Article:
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Raja Bahadur Venkatarama Reddy

Raja Bahadur Venkatarama ReddyRaja Bahadur Venkatarama Reddy was the first Hindu to be made kotwal of Hyderabad as in the late 19th and early 20th century, during the Islamic rule of the Nizams, the powerful position of kotwal of Hyderabad was held only by muslims. His tenure lasted almost 14 years and he commanded a great respect among the public for his outstanding police administration. The Legendary Kotwal Legends and Anecdotes of Hyderabad -44.

The Legendary Kotwal By Narendra Luther

The Commissioner of Police of the City of Hyderabad used to be called the ‘Kotwal’. It is one of the oldest offices and used to be the most powerful job in the Government. A number of foreign travelers to the city have made references to this office in their accounts.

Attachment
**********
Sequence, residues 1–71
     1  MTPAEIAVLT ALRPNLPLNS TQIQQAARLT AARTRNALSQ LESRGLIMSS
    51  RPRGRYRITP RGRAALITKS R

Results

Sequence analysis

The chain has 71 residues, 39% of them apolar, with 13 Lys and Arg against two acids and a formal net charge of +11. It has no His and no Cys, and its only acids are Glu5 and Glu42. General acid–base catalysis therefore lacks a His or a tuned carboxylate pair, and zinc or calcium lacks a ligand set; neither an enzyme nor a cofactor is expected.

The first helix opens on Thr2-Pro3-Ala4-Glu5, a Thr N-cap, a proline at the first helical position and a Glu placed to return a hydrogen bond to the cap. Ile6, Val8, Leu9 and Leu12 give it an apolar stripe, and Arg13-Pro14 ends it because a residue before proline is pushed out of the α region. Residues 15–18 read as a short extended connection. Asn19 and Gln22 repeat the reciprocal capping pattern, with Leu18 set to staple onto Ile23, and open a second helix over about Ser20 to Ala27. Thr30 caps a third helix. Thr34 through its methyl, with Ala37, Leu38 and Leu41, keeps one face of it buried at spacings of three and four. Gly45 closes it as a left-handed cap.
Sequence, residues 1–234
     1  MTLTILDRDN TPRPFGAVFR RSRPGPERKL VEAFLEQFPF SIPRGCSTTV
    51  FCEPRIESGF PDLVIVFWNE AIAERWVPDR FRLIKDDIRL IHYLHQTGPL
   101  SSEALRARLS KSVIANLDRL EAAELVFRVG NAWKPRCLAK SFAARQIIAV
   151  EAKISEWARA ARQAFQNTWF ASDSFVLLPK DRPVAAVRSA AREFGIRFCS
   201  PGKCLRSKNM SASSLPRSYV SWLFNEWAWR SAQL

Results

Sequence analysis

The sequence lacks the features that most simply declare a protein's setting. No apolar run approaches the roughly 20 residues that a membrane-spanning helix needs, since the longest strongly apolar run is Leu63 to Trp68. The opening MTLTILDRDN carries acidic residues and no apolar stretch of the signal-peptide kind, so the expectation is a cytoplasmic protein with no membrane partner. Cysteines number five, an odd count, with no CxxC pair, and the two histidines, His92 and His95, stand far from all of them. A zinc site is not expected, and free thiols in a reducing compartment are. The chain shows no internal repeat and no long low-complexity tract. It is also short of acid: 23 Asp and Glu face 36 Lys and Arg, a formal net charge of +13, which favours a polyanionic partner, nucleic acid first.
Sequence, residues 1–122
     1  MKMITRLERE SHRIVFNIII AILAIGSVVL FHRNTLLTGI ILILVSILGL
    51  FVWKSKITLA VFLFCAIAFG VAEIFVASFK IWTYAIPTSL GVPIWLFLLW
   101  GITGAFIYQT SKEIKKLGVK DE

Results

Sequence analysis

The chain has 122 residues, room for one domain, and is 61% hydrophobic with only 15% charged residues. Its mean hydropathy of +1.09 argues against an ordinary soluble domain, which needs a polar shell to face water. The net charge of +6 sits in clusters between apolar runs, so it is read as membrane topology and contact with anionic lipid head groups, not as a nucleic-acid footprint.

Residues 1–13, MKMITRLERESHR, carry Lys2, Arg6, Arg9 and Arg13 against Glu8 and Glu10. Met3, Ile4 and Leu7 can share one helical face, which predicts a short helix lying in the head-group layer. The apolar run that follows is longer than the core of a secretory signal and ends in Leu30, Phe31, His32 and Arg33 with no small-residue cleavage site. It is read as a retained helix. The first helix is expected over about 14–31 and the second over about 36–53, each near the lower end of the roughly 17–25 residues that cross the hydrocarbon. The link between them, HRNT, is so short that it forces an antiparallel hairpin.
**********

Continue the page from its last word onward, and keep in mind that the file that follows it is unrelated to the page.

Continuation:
The last Kotwal was also the first Hindu holder of this office. He served in this job for over 14 years and became a legend even during his life-time.

Venkatram Reddy was born in August 1869 in Rayanipet village of Wanaparthy estate in Mehboob Nagar district. His father was a Patel of some eight villages and was well off. He was a grand nephew of the then Raja of Wanaparthy. His mother died three days after his birth, and the father, when he was about five. His maternal uncle, William Wahab, then took care of him. (The name might suggest that he was Christian. That was not so. The Raja of Wanaparthy had employed a Catholic teacher to educate some of his boys. So the boys were given Christian names, and in deference to the Muslim ruler, Muslim surnames). He was educated in his village and then at Wanaparthy where he became a class-fellow of Raja Rameshwar Rao II.